And some of the wishful thinking is almost comical! Thomas Hudson drinks a Heineken for breakfast and then says, "it would be easy to be a rummy, wouldn't it." And then INSTANTLY his loyal flunky (who is a real rummy, natch) chimes in with, "not you, Tom. You like to work too well."

Puh-LEEEEZE!!!!
Erin
Aug 16, 2007 Erin rated it 1 of 5 stars  ·  review of another edition Recommends it for: Only those who really like Hemingway
This book was really hard to get through. Parts were interesting but some just seemed to go on forever. The last section was definately the best and while each of the three sections could probably stand alone as a short story to understand some of what he is talking about you need to read the first two. I would probably not recommend this book to anyone. Someone told me while I was reading it that it was probably Hemingway's worst novel.
Raisa
Islands in the Stream is a story in three parts, following the escapades of Thomas Hudson, an American painter. The first part is set in Bimini in the Bahamas, where Thomas' three young sons visit him on summer vacation.

The next is set in Cuba, during the Second World War, and follows Thomas as he struggles with a very personal loss, all while trying to do his duty, conducting surveillance for the US military. The final part follows Thomas as he and his crew track some Germans who survive the s...more
Chris Swann
The first section of this book should stand alone--the rest is all right, but it's more like a version of "I wonder what happened to this character AFTER the book was finished?" As in, "what did Nick Carraway do AFTER he went back home to the Midwest?" But it's worth it solely for the first (and, I believe, the longest) section--three-and-a-half stars.
Richard Maldonado
I haven't read Hemingway in many years and decided to use him for this winter's reads. This book is truly a great work. Efficient, direct and hard but stirring to the soul. He is best read by those who have lived a bit, for those readers who have not yet lived much, might find it a little hard to find a bit foreign.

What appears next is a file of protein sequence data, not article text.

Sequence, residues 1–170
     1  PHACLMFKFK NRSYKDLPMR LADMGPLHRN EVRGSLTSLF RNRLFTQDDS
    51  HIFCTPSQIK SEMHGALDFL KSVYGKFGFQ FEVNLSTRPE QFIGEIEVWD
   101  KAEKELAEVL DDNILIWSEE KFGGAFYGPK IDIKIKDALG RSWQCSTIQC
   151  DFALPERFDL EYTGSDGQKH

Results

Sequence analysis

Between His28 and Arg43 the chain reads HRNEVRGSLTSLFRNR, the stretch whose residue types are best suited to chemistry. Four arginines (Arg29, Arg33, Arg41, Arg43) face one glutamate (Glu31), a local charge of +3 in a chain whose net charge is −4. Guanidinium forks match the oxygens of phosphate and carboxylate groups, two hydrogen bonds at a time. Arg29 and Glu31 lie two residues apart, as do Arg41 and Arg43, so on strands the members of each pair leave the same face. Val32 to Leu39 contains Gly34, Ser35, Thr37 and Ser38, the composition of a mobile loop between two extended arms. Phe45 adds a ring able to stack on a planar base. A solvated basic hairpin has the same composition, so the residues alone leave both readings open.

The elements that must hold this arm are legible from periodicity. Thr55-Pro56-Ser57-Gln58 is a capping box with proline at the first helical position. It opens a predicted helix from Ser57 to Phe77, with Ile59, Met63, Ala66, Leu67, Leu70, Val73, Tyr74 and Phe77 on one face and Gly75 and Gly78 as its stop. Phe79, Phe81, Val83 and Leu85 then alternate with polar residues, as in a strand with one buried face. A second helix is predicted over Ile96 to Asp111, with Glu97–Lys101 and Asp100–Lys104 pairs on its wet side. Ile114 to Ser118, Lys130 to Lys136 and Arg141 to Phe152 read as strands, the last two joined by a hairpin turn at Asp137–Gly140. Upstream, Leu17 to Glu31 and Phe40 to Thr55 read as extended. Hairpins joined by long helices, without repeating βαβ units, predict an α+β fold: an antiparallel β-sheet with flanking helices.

Corey
I know. One is not supposed to like late Hemingway ("he became a self parody," etc.) but I found this novel grand. I can't think of another novelist who does dialog as well as Hemingway. This was the last fiction by him I hadn't read so now I guess I'll start over with "The Sun Also Rises," or maybe the stories.
Sean
I once met a man who complained that fiction was just, "escapism" and he only read from technical manuals.
Well if thats so this is true escapism.
The first half of the book is really tasteful, raw, and darkly humorous.
The way Hemingway describes living on an island, the water, putting a full clip from a tommy gun into a hammerhead shark, his paintings, the drinking and the loves of his life his sons.

The second half tells a darker tale and almost reads a bit like Norman Mailer's Naked and The Dead...more
Diane
Well worth the read.
Was a long book and not sure if I would finish it.
I started out ok with the book but found by the second
have my mind was drifting off. It did pick up by the third half.
I can say I somewhat enjoyed reading it.
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Have you already read it? 10 41 Sep 28, 2013 04:26AM  
Around the World ...: * Discussion of the October book, Islands in the Stream, is held here! 13 36 May 28, 2012 07:25AM  
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Ernest Miller Hemingway was an American author and journalist. His economical and understated style had a strong influence on 20th-century fiction, while his life of adventure and his public image influenced later generations. Hemingway produced most of his work between the mid-1920s and the mid-1950s, and won the Nobel Prize in Literature in 1954. He published seven novels, six short story collec...more
More about Ernest Hemingway...
The Old Man and the Sea The Sun Also Rises For Whom the Bell Tolls A Farewell to Arms A Moveable Feast